Bisbee has successfully preserved its historic community character using design guidelines originally written in 1991. A former mining ‘company town’ founded in 1878, Bisbee started as a rough-and-tumble encampment, but as copper mining boomed in the early decades of the 20th century, the mine owner, Phelps Dodge Corporation, built a large number of commercial and institutional buildings (a hospital, library, YMCA gym, department store, large hotel and more). All were designed by prominent architects of the day, and were expensively executed. Today, many are still standing, and two districts in Bisbee are listed on the National Register of Historic Places.
The city created a Design Review Board to approve construction projects in these districts, following the 1991 guidelines. Fifty-five projects were reviewed by the Board in 2022. Developers are asked to “borrow ideas of style, proportion, scale, height, materials, etc. from adjacent buildings and then seek an honest contemporary solution to the design problem.” The design guidelines state that while “Bisbee’s old commercial buildings do not all look alike, they have common characteristics,” which are detailed in the document. For instance building facades typically include decorative brickwork, marble wainscotting, and double-hung windows. The guidelines even include recommendations on paint color.
Pioneertown, in the California desert near Joshua Tree National Park, was created by a group of Hollywood actors and investors in 1946 as a cowboy-themed film set and fully functional town. Some of the businesses are still operating today on ‘Mane Street’,
including the Red Dog Saloon and a post office. And while the town ultimately failed as a viable film set, and languished for decades, the area has become popular over the past decade with millions of park visitors staying in vacation rentals nearby.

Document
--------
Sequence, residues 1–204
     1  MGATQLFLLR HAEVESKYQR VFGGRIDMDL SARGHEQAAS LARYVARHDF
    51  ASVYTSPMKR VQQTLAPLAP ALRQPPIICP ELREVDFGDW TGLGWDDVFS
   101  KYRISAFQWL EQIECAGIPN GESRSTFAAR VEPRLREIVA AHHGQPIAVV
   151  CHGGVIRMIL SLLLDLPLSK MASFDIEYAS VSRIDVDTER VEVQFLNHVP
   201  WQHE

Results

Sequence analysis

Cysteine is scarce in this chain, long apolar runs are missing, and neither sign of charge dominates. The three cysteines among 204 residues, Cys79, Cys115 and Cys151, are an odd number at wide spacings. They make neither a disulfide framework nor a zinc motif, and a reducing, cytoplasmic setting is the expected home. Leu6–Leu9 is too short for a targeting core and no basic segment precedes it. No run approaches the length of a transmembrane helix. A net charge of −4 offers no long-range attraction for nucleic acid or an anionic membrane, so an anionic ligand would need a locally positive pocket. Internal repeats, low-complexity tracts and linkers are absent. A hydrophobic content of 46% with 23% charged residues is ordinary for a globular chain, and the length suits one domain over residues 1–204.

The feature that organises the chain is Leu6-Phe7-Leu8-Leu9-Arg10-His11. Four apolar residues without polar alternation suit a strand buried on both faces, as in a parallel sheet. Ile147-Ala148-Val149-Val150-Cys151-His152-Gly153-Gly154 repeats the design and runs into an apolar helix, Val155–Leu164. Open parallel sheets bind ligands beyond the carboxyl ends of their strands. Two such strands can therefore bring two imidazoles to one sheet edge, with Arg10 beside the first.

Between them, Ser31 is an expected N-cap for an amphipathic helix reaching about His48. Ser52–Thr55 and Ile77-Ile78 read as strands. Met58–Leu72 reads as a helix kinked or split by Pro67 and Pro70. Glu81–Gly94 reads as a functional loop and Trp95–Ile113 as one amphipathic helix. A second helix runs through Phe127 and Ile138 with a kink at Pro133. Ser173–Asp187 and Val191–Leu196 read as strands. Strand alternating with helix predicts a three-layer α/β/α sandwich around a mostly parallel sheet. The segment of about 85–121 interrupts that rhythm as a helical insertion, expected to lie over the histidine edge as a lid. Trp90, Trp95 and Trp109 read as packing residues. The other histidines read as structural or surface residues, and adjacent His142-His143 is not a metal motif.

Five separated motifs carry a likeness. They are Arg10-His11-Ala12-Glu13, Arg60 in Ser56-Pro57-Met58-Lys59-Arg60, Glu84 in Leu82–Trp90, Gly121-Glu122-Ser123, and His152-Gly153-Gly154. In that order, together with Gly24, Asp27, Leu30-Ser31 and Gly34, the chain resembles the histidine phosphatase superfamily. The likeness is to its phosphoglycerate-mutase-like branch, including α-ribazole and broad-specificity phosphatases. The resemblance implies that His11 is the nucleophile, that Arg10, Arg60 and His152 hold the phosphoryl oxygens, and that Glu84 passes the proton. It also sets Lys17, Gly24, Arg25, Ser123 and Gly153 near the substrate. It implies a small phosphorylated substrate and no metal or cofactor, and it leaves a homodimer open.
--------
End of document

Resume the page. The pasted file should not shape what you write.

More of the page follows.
Pioneertown is unincorporated and under San Bernardino County control. The county is in the process of rezoning the area, removing the ‘Special Development’ designation which protected it from over development, and opening Pioneertown up to commercial development, including night clubs and chain stores.
Local residents, concerned about the potential loss of Pioneertown’s unique character, organized to create the “Mane Street Overlay,” a proposal with legal power, that if enacted will encourage the development of small shops and restaurants consistent with Pioneertown’s historic character, and restrict chain stores. It also incorporates design guidelines for size, location and building materials. With broad community support, the plan will be considered by the county in public hearings this fall.
For us here in eastern Santa Cruz County, working collaboratively with our local governments to enact community character protections is a crucial first step as we navigate our area’s rapid changes. While some might view design guidelines as overstepping a commercial property owner’s rights, many have found that participating in a collective effort to maintain the cohesion, heritage and beauty of our public realm pays off in increased liveability, and a stronger tourism economy.
Stephanie Smith, who is building a home in Wildlife Haven, recently completed an Urban Planning master’s degree at University of Arizona.